Why China Has A Serious Credibility Problem
The investigation initiated by the International Olympic Committee into suspicions that Chinese gold medal-winning women gymnasts at the Beijing Olympics are under-aged has predictably angered Chinese people and commentators, who have responded with bilious rage on the Internet
“Why is China being subjected to this humiliating investigation when it has submitted a copy of (gymnast) He Kexin’s proof of age as required by the IOC,” wonders a blogger. “Some of the European and American female athletes look like guys — not only in their aggressive manner, but in their bone structure, body shape and facial features,” observes another. “Should we demand more testing, more intrusive and extended investigation than what the IOC has conducted so far?”
The mere fact that these investigations against Chinese gymnasts have been launched amounts to a serious loss of ‘face’ for China, with the implication that its word is being disbelieved. But in fact China has only itself to blame for the credibility crisis it faces: in the court of international opinion, it has in the past been caught making wilful misrepresentations of the truth, both on the sports field and off it. Indicatively, Chinese gymnast Yang Yun, who won individual and team bronze medals at the 2000 Sydney Olympics, said later in an interview on state-run Chinese television that she had been 14 at the time of those Games.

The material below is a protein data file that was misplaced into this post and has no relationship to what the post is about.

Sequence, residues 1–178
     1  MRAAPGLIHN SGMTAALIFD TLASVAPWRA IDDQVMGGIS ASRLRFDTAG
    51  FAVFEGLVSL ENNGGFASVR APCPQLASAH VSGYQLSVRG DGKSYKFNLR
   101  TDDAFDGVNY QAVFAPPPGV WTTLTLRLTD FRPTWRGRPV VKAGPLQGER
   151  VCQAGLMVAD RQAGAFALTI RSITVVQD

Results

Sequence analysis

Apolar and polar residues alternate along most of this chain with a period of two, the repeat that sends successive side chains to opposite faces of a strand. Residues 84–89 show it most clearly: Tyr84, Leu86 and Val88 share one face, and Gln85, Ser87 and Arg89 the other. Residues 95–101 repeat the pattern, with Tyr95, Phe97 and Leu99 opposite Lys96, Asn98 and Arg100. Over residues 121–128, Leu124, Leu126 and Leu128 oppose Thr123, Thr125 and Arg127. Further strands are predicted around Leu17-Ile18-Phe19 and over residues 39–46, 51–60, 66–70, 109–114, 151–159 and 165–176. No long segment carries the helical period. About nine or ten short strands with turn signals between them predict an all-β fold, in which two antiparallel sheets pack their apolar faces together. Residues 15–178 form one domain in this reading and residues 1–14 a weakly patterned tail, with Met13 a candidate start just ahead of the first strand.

Far more seriously, in 2003, as a killer virus claimed lives across southern China, authorities continued to maintain — despite media exposes to the contrary — that it was no more than a mild case of “atypical pneumonia”. Only when it exploded in their face did authorities acknowledge the gravity of the Severe Acute Respiratory Syndrome (SARS).
Although China has since then made some progress in its information dissemination system during emergencies, its knee-jerk response to the latest allegations relating to underaged gymnasts shows that its first reflex when it’s caught is to cover its tracks — and rather inexpertly at that.
Little wonder then that China finds itself easily disbelieved. In this case, as in the earlier cases, it has only itself to blame for the credibility crisis it faces.(DNA News)
Labels: Credibilty Problem